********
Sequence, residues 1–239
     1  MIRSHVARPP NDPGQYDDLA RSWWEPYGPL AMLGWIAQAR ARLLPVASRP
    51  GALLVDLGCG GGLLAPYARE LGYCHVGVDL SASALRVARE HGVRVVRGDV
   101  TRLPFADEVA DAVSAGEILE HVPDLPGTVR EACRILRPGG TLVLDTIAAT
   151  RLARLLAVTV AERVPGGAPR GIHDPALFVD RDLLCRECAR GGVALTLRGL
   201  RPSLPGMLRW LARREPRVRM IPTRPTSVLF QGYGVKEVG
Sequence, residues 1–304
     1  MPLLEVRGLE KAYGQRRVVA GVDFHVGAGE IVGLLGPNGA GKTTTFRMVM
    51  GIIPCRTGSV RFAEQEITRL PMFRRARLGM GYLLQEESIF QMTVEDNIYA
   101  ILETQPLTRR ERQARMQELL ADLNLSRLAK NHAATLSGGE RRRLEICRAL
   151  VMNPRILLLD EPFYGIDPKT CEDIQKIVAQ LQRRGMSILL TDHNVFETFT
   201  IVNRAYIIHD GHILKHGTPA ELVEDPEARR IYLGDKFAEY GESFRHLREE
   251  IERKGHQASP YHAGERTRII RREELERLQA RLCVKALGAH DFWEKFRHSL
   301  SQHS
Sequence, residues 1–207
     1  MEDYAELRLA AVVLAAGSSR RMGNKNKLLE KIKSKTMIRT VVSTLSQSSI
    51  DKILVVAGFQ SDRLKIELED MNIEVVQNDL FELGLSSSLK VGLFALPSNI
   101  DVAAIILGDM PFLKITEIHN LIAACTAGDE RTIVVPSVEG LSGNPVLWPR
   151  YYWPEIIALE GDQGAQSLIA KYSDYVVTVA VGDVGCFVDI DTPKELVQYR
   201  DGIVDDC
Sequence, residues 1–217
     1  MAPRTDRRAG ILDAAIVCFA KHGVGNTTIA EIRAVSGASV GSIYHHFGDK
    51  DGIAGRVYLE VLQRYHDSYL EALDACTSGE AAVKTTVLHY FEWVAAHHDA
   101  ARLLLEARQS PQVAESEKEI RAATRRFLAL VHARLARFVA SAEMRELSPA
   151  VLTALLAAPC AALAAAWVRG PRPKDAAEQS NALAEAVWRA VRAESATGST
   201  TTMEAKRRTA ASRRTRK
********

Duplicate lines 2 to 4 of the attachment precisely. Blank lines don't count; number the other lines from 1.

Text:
     1  MIRSHVARPP NDPGQYDDLA RSWWEPYGPL AMLGWIAQAR ARLLPVASRP
    51  GALLVDLGCG GGLLAPYARE LGYCHVGVDL SASALRVARE HGVRVVRGDV
   101  TRLPFADEVA DAVSAGEILE HVPDLPGTVR EACRILRPGG TLVLDTIAAT